|The Leading Source for Global News and Information Covering the Ecosystem of High Productivity Computing / September 22, 2006|
At the HPC User Forum meeting in Denver this week, Horst Simon was one of two industry experts asked to provide a larger perspective as representatives of organizations in China, Japan and the U.S. discussed their petascale initiatives. In this Q&A, Simon offers his views about the challenges of achieving usable petascale systems within the next five years.
HPCwire: The U.S. and several other countries have petascale initiatives in play. How realistic is the dual goal of achieving sustained petaflops speed and substantially boosting productivity by 2010?
Simon: There have been multiple announcements of plans for petascale machines in that timeframe, so I'm fairly confident that the sustained petaflop goal will be attained by 2010, meaning that by then there will be a Gordon Bell Prize for a sustained petaflop on a real application on a real platform. I'd be even more comfortable predicting that this will happen by 2011.
As for part two of your question, it depends on your definition of productivity. If productivity means the economic output of a country, then I think 2010 is too early for petascale computing to affect that. If productivity means making efficient use of petascale systems in industry, for example to routinely create better products at lower costs through the use of simulation, this implies that the petascale systems would have good scalability, reliable application and system software, and so on, and I think 2010 will also be too soon for this. There will be many technical challenges, because we're entering a completely new arena of scalability. Getting to productive petaflop performance will be as difficult as it has been getting to productive teraflop performance.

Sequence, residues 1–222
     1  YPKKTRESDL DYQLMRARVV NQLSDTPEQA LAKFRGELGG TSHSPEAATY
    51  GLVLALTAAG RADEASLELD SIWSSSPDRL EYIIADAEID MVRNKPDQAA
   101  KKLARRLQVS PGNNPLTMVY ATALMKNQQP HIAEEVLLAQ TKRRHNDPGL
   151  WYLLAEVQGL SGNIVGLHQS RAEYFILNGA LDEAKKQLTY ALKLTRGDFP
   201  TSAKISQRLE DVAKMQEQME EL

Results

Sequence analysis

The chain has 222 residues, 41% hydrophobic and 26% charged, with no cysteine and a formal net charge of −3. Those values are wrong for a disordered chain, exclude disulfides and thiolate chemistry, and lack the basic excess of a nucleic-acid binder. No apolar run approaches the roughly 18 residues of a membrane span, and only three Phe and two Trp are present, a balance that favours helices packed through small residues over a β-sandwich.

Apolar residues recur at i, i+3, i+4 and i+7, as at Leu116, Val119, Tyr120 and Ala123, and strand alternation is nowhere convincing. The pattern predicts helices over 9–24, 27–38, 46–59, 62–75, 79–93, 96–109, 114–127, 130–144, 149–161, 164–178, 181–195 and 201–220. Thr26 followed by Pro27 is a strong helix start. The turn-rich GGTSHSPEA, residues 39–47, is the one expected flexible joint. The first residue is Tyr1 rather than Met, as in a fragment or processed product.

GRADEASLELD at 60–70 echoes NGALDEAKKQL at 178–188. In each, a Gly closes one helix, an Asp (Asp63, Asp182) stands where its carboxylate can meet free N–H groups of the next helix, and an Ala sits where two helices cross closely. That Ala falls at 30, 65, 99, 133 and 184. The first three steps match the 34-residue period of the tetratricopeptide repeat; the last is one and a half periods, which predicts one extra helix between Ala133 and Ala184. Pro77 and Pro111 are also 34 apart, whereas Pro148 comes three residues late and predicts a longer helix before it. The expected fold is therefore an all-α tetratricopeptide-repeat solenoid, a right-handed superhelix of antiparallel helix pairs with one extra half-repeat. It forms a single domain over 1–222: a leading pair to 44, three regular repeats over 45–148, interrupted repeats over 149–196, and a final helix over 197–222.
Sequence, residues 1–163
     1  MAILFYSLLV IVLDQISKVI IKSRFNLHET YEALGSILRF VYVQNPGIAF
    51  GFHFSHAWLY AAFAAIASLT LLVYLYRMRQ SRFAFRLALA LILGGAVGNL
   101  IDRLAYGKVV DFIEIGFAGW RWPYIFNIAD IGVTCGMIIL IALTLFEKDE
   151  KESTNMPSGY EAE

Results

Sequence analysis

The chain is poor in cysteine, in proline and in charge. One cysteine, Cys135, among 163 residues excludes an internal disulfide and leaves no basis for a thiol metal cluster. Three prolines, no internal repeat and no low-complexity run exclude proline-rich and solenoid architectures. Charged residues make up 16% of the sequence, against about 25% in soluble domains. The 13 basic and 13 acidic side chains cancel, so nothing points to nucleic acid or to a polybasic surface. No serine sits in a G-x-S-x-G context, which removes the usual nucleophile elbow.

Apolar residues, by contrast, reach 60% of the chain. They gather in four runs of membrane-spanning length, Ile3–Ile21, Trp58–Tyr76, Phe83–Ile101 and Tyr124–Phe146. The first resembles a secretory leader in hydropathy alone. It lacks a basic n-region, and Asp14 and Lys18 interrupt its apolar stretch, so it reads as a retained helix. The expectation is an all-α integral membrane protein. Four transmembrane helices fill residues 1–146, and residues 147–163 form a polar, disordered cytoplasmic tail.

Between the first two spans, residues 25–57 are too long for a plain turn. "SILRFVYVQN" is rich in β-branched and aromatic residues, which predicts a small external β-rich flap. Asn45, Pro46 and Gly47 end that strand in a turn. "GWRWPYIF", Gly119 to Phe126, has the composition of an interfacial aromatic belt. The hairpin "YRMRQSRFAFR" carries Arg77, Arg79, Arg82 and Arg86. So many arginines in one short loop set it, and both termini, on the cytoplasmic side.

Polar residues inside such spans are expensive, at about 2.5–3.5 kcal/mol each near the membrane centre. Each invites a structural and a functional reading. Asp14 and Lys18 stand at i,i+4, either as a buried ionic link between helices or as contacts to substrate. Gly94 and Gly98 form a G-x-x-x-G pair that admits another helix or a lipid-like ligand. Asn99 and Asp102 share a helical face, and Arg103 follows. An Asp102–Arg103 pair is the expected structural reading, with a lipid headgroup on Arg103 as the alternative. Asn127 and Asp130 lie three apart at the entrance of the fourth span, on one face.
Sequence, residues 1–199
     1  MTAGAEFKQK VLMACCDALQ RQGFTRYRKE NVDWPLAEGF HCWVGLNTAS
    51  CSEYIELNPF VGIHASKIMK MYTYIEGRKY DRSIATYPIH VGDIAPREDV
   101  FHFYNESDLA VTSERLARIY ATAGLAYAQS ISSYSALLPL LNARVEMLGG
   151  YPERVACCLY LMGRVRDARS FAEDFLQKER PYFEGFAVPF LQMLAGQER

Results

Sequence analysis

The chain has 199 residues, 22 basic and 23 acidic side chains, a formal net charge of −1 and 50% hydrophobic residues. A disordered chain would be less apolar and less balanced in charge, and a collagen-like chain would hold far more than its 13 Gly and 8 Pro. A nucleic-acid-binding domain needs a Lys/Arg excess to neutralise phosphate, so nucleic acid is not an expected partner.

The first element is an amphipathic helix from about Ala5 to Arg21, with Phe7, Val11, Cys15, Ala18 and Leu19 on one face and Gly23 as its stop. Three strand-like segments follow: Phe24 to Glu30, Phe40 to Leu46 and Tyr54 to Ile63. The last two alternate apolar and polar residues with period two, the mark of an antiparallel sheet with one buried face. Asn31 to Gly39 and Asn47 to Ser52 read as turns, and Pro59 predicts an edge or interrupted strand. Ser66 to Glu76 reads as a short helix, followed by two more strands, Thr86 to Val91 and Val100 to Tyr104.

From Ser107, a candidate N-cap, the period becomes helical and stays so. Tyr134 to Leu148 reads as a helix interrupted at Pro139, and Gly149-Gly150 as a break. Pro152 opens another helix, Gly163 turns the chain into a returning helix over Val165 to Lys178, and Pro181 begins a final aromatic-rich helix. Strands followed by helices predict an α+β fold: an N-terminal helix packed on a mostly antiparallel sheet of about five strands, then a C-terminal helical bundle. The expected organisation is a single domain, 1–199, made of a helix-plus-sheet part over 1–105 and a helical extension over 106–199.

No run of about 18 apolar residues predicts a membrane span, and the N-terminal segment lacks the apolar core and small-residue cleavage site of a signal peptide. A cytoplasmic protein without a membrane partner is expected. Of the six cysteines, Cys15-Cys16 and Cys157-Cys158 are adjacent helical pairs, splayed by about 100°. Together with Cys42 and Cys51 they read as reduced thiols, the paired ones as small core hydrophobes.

But if productivity means running codes faster and at higher resolution, which can enables scientific breakthroughs, then I'm confident this will happen because of the continued dramatic advances in computational technology based on commodity clusters. Ten years ago, few people thought PC clusters would have the big impact they have had. The same thing will happen with petascale systems in the future. They will become common.
HPCwire: Can anyone really afford a general-purpose sustained petaflop system in the 2009-11 timeframe that several countries are targeting? By general purpose, I mean a system that can sustain petaflop performance on a reasonably broad spectrum of codes.
Simon: Yes, to the part about affording petaflop systems in that timeframe. Petaflop systems are expensive, but not super-expensive if you look at them in relation to other large-scale scientific projects, like particle accelerators or the next-generation space telescope. It costs about $200 million to fund a petascale system today, which is not outrageously high. The bigger question is, what is the optimal time to make that investment? The Earth Simulator was a huge investment of about $400 million and made a big, immediate impact when it went live in 2002. Now, four years later, a 40-teraflop machine is much less expensive. It's important to produce significant results in the first one to two years, so Moore's Law doesn't catch up with the machine. It must be productive quickly.
As for general-purpose, if we look at the ratios of memory and disk that would be needed, and the I/O rates, then a general-purpose petascale system could become much more expensive. But we're approaching an era when the whole notion of general-purpose HPC systems may no longer apply. Instead, there will be commodity clusters for most things, along with opportunities to leverage special-purpose technologies like Blue Gene, which can run specific applications very successfully, or MDGRAPE3 from RIKEN, which arguably is the first petascale system and is highly specialized. In 2010-11, I would expect an increasing trend toward more highly specialized systems.
HPCwire: Can anything be done to alleviate the costs of petascale systems while maintaining their usefulness?
Simon: One big issue for the future is that operational costs have been increasing significantly. We're approaching the point where computers can cost more to operate than their acquisition cost. One big potential area for cost reduction is less power-consuming components to reduce overall cost of ownership. Another one is facility construction. Construction costs have also gone up substantially, and you can save a lot of money if you don't have to build a new facility or heavily modify an existing one.
HPCwire: You mentioned power consumption, and you've stressed the importance of this before in designing petascale systems. Can processors have both leading performance and low power consumption? Are there ways to conserve power that don't involve the processors?